Tang Ho-yin, who was convicted in December of “assaulting a police officer in the due execution of his duty,” denied elbowing the officer while he was manning a street booth in Mong Kok last February.
by CANDICE CHAU
10 JANUARY 2022
West Kowloon Magistrates’ Court. Photo: Kelly Ho/HKFP.
Tang was convicted last December of “assaulting a police officer in the due execution of his duty.” He denied elbowing the officer while he was manning a street booth in Mong Kok in February last year.
The magistrate said on Monday that Tang had a history of violence, as demonstrated by a previous conviction of rioting. The defendant’s barrister, Jacky Jim, said that his client had admitted to throwing a brick in an earlier case.
Jim said that Tang suffered from attention deficit hyperactivity disorder and needed medication to help with “impulsive issues,” but had stopped taking his medicine, saying that it affected his sleep.
The barrister also said he hoped the judge would consider handing down a Community Service Order instead of a prison sentence as the defendant “did not have an obvious intention to attack,” and he had already been remanded in custody for three weeks.
When announcing his decision, Cheng said that he could not see that Tang was remorseful, as he had pleaded not guilty and had not admitted to assaulting the police officer.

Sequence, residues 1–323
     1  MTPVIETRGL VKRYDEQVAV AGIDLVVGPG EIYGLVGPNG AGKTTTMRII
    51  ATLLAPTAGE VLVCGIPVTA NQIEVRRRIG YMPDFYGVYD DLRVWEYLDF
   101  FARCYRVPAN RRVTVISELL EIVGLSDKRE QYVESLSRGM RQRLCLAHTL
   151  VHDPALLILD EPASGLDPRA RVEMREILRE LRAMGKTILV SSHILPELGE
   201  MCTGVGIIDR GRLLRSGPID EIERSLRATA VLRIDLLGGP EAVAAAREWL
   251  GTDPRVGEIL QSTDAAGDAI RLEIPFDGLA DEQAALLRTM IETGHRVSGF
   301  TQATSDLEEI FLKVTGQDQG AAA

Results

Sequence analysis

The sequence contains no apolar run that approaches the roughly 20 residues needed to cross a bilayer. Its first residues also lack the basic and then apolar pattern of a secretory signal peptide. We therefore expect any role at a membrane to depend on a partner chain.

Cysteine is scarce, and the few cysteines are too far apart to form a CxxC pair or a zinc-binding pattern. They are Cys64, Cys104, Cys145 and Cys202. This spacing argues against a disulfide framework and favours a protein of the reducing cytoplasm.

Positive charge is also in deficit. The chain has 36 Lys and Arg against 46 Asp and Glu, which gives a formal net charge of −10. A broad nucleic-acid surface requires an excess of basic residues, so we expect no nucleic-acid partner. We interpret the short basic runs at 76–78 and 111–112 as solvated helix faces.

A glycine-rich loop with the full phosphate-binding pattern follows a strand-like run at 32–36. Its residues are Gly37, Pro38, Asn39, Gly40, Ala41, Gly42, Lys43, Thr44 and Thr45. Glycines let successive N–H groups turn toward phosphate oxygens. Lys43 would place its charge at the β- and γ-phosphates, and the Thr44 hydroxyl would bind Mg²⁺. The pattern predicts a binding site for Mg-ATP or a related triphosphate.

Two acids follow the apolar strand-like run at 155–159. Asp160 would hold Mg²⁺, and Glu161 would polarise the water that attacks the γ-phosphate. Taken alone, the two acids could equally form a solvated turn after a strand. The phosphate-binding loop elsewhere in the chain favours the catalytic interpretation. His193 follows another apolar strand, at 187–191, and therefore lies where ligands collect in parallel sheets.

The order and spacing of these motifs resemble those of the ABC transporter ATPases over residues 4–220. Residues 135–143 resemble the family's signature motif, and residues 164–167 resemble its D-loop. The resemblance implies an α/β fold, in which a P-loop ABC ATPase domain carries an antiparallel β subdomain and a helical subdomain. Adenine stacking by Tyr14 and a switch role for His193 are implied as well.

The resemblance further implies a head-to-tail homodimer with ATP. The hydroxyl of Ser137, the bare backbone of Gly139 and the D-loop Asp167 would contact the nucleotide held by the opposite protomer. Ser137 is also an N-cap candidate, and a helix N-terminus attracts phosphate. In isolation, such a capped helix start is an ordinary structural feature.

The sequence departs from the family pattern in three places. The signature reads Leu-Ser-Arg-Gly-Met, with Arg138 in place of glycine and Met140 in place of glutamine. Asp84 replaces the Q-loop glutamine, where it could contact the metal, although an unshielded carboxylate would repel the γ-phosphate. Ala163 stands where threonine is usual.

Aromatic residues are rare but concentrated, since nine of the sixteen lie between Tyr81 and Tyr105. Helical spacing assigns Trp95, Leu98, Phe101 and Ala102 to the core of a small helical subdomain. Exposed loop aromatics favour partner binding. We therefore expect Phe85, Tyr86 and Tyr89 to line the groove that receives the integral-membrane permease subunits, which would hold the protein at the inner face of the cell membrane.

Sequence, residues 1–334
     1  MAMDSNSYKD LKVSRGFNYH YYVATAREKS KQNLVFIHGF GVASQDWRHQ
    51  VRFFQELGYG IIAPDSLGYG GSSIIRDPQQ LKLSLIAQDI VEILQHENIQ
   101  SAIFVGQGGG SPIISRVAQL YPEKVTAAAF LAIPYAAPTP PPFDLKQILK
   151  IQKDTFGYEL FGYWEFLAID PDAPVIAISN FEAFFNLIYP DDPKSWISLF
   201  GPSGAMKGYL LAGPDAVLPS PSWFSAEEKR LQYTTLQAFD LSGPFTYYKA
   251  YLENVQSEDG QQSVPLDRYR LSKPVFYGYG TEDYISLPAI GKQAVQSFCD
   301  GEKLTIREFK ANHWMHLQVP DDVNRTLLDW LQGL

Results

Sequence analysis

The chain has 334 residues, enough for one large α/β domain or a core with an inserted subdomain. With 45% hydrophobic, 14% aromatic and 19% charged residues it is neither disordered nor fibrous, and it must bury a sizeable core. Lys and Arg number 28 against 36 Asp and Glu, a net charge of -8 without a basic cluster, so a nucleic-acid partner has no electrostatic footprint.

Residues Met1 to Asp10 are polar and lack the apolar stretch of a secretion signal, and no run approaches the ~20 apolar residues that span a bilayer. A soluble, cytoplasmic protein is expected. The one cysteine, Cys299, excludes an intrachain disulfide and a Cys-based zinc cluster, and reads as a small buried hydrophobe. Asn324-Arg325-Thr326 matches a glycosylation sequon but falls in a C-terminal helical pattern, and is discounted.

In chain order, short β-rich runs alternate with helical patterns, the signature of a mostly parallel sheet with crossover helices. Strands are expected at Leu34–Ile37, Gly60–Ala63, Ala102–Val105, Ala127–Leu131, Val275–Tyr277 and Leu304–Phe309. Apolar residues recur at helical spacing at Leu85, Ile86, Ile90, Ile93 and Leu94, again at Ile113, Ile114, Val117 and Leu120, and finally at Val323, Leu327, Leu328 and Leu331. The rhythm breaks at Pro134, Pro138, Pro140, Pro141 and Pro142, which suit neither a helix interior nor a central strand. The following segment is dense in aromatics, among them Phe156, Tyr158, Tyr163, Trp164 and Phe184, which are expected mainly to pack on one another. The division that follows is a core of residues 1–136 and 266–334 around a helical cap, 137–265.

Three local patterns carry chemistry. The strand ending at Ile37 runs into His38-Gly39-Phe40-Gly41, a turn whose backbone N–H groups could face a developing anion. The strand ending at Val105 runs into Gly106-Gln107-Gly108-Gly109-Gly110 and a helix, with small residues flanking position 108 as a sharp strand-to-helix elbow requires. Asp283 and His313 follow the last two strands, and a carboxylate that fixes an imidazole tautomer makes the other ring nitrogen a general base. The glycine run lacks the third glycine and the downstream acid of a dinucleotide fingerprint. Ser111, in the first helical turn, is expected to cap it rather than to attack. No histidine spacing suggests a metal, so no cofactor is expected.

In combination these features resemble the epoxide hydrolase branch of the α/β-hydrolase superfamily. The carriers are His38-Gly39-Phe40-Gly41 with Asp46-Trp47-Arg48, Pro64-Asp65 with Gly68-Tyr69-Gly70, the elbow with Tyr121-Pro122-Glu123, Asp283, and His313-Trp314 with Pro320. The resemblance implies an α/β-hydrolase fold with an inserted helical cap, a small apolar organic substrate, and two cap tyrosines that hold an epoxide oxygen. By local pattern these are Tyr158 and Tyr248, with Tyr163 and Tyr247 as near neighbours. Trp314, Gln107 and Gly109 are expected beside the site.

Student Politicism’s Facebook page. Photo: Kelly Ho/HKFP.
The magistrate announced a sentencing starting point of three months with no reductions.
Appeal and bail application
Tang filed an application to appeal his conviction and sentencing, and applied for bail on Monday while awaiting appeal.
The magistrate granted him bail after considering the relatively short jail term Tang received. Cheng ordered a cash bail of HK$20,000, and the 30-year-old must report to the Mongkok Police Station every Tuesday, Thursday and Saturday.
Tang was also ordered to hand over all travel documents, stay at his reported address, and inform the police if there are any changes to his situation. He is not allowed to leave Hong Kong.
Disbanded in last September
Student Politicism was disbanded in September last year after some of its members were charged under the Beijing-imposed national security law, which criminalised subversion, secession, collusion with foreign forces and terrorist acts, which were broadly defined to include disruption to transport and other infrastructure.
Four people, including Student Politicism’s convenor Wong Yat-chin and spokesperson Alice Wong, were accused of conspiring to incite subversion.